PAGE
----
* Prices offering of 23 pct stake at 5.60 euros/shr
* Originally set range of 5.25-6.50 euros/shr
* Telefonica to raise as much as 1.45 bln euros (Updates after final pricing)
By Alexander Hübner and Kylie MacLellan
FRANKFURT/LONDON, Oct 29 (Reuters) - Spain’s Telefonica priced the sale of shares in its German O2-branded unit in the bottom half of its indicative range, raising as much as 1.45 billion euros ($1.9 billion) in Europe’s largest new listing in more than a year.
Telefonica said late on Monday it had sold the 23 percent stake at 5.60 euros per share, confirming an earlier Reuters report.
Europe’s largest telecoms company had originally set an indicative price range of 5.25-6.50 euros per share for the offering. That guidance was narrowed twice during two weeks of bookbuilding, latterly to 5.50-5.60 euros.
While initial public offerings (IPOs) in Europe have begun to pick up after months of inactivity due to choppy markets, those working on deals say investors are still choosy about which companies to back and are unwilling pay over the odds.
The listing, the biggest IPO in Europe since Spain’s Bankia raised 3.1 billion euros in July 2011, is part of the Telefonica’s efforts to cut its 58 billion euro debt and hang on to its prized investment-grade rating.
Telefonica said that it had placed more than 258 million shares with investors, raising around 1.45 billion euros assuming a 15 percent over-allotment option is exercised.
That also makes it Germany’s biggest listing since Tognum raised 2 billion euros in July 2007.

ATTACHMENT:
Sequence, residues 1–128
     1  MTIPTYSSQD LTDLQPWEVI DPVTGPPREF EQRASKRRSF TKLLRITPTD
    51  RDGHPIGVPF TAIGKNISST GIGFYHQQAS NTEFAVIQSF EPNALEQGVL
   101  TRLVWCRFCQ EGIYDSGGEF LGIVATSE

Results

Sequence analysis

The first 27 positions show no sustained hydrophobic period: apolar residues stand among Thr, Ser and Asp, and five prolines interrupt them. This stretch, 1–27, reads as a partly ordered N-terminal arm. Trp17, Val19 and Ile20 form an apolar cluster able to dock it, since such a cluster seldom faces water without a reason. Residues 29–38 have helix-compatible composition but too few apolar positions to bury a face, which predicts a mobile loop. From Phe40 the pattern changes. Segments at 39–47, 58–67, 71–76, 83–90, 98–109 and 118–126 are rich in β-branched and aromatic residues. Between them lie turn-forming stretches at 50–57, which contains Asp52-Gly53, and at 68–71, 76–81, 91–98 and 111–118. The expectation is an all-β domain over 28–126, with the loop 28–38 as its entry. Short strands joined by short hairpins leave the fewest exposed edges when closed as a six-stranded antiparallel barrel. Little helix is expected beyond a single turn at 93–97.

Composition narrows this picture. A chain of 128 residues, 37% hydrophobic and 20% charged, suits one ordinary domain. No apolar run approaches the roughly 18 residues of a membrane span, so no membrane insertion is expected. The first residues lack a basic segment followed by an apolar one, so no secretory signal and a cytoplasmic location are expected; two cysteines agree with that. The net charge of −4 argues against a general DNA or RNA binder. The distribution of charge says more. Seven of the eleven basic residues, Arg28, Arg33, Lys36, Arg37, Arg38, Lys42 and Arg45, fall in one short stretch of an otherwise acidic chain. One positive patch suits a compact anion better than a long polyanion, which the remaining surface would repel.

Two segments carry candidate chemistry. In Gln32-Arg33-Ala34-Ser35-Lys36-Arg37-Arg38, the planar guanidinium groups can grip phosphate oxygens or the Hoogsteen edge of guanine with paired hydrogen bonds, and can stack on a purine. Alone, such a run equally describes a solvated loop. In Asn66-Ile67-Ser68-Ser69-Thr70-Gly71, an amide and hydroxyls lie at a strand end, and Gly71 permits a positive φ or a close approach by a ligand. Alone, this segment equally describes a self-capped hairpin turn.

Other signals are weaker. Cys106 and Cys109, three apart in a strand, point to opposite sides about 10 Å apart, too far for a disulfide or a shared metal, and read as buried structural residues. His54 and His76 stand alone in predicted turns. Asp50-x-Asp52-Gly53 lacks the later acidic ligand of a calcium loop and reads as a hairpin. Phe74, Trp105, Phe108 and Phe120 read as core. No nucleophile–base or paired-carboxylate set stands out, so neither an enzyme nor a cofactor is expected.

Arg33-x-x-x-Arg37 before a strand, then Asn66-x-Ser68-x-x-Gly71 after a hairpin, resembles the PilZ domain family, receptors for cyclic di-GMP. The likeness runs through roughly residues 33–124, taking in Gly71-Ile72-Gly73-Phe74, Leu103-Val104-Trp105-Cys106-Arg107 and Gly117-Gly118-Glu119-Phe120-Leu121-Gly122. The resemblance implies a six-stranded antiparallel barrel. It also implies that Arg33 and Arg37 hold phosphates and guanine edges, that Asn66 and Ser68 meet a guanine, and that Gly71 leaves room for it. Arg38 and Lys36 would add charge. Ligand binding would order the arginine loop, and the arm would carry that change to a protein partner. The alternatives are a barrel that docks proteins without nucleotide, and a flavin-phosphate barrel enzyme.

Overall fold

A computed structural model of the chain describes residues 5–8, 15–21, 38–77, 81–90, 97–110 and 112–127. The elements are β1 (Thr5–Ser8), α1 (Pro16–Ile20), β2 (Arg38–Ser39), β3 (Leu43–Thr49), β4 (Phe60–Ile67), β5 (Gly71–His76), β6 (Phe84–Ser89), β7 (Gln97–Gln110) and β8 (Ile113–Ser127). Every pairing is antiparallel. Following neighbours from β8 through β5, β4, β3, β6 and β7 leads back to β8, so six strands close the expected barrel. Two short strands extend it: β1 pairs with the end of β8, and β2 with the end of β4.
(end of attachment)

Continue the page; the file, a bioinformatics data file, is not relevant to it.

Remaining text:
The shares are due to begin trading in Frankfurt on Oct. 30.
In Germany, O2 is the smallest mobile operator with roughly 16 percent of subscribers, trailing Deutsche Telekom, Vodafone and KPN’s E-Plus. Some analysts have said its targeted valuation was high compared with peers.
Telefonica Deutschland, which owns the O2 brand, has attempted to woo investors with the prospect of a 500 million euro dividend next year, contrasting with its parent’s decision to cancel its payout for 2012.
Analysts said investors could move their money out of Telefonica to the German unit because of the dividend yield.
“It’s possible that we could see some money coming out from investors who are perhaps trying to play German proxys ... and that they will come out of Telefonica to buy Telefonica Deutschland,” said Javier Borrachero, an analyst at Kepler Capital Markets in Madrid.
“It is possible that money will be taken out of other operators and put into Telefonica Deutschland,” he added.
The sale was organised by JP Morgan and UBS. ($1 = 0.7749 euros) (Additional reporting by Robert Hertz and Clare Kane in Madrid, and Edward Taylor in Frankfurt, writing by Harro ten Wolde in Frankfurt, Editing by Erica Billingham and David Gregorio)